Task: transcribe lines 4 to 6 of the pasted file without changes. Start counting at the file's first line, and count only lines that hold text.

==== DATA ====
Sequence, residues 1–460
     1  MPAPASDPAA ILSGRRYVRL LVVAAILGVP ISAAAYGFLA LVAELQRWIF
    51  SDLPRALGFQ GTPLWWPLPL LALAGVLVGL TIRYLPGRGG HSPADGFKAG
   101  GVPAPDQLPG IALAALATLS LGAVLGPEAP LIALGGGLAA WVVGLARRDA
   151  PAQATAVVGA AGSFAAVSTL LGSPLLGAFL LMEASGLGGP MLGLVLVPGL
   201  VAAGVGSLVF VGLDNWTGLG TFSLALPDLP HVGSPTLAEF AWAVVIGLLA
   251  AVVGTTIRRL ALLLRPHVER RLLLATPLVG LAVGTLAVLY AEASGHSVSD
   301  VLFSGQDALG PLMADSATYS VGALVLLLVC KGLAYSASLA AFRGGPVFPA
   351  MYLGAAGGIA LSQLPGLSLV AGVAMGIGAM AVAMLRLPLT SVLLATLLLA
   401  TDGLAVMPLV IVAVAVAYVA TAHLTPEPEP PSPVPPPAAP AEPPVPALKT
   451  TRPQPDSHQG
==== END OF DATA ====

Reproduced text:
   101  GVPAPDQLPG IALAALATLS LGAVLGPEAP LIALGGGLAA WVVGLARRDA
   151  PAQATAVVGA AGSFAAVSTL LGSPLLGAFL LMEASGLGGP MLGLVLVPGL
   201  VAAGVGSLVF VGLDNWTGLG TFSLALPDLP HVGSPTLAEF AWAVVIGLLA